the Internet need not be a world-wide web, that it can be subverted and
appropriated by the state. By creating a political toolkit for authoritarian
movements, the American tech giants may be putting their own future at risk.
Given this scary state of the
world, with ecological collapse just over the horizon, and a population
sharpening its pitchforks, an important question is how this globalized,
unaccountable tech industry sees its goals. What does it want? What will all
the profits be invested in?
What is the plan?
The honest answer is: rocket
ships and immortality.
I wish I was kidding.
The best minds in Silicon
Valley are preoccupied with a science fiction future they consider it their
manifest destiny to build. Jeff Bezos and Elon Musk are racing each other to
Mars. Musk gets most of the press, but Bezos now sells
$1B in Amazon stock a year to fund Blue Origin. Investors have put over
$8 billion into space companies over the past five years, as part of a push
to export our problems here on Earth into the rest of the Solar System.
As happy as I am to see Elon
Musk and Jeff Bezos fired into space, this does not seem to be worth the
collapse of representative government.
Our cohort of tech founders is
feeling the chill breath of mortality as they drift into middle age. And so
part of what is driving this push into space is a more general preoccupation
with ‘existential risk’.
Musk is persuaded that we’re
living in a simulation, and he or a fellow true believer has
hired programmers to try to hack it.
Larry Ellison has
put $370M to anti-aging research, as if anybody would want to live in a
world with an immortal Larry Ellison. Our plutocrats are eager to make death an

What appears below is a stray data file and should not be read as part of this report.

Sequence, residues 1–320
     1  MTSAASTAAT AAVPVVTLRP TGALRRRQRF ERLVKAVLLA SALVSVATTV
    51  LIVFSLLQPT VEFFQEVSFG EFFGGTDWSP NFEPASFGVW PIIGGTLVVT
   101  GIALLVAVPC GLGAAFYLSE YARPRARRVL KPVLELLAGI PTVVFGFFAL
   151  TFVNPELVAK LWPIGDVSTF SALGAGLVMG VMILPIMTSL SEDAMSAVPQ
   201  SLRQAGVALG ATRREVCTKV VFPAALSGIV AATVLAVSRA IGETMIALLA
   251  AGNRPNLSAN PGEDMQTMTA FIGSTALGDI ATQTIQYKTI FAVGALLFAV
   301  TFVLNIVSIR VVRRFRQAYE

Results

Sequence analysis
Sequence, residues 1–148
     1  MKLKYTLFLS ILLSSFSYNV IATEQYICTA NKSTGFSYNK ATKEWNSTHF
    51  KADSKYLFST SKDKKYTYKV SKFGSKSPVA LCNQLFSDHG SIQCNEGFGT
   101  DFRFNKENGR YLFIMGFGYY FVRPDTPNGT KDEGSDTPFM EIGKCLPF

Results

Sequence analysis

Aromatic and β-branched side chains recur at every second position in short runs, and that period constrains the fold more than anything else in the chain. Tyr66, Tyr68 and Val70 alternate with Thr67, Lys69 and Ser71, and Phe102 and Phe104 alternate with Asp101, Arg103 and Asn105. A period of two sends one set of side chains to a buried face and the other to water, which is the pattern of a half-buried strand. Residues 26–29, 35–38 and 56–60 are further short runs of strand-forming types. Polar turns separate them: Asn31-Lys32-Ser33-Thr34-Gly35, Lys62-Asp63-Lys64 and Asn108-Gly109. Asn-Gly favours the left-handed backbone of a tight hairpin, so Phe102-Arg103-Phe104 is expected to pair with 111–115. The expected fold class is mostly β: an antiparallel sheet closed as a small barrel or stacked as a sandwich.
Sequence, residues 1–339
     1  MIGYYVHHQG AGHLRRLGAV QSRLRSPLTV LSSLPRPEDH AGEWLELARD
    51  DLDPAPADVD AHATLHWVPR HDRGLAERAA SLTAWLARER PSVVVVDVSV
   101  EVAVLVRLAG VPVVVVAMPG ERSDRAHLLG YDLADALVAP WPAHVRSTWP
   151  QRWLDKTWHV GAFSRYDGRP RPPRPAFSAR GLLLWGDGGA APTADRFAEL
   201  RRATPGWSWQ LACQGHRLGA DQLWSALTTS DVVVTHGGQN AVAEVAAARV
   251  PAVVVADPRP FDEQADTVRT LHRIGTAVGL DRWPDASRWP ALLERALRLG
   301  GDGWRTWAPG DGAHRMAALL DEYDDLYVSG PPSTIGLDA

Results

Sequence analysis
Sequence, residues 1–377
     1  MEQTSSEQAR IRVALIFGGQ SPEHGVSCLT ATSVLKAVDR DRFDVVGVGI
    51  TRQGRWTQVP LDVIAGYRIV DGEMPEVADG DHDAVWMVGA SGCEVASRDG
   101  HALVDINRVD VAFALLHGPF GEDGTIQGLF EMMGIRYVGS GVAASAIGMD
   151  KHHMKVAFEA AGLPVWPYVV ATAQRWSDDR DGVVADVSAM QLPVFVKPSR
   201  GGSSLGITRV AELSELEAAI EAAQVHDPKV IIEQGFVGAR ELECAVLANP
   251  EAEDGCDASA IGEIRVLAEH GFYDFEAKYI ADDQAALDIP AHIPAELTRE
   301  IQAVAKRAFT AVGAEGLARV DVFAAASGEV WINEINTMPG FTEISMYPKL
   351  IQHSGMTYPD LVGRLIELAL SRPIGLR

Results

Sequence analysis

Now, I’m no fan of death. I
don't like the time commitment, or the permanence. A number of people I love
are dead and it has strained our relationship.
But at the same time, I’m not
convinced that a civilization that is struggling
to cure male-pattern baldness is ready to take on the Grim Reaper. If we’re
going to worry about existential risk, I would rather we start by addressing
the two existential risks that are indisputably real—nuclear war and global
climate change—and working our way up from there.
But real problems are messy.
Tech culture prefers to solve harder, more abstract problems that haven't been
sullied by contact with reality. So they worry about how to give Mars an
earth-like climate, rather than how to give Earth an earth-like climate. They
debate how to make a morally benevolent God-like AI, rather than figuring out
how to put ethical guard rails around the more pedestrian AI they are
introducing into every area of people's lives.
The tech industry enjoys
tearing down flawed institutions, but refuses to put work into mending them.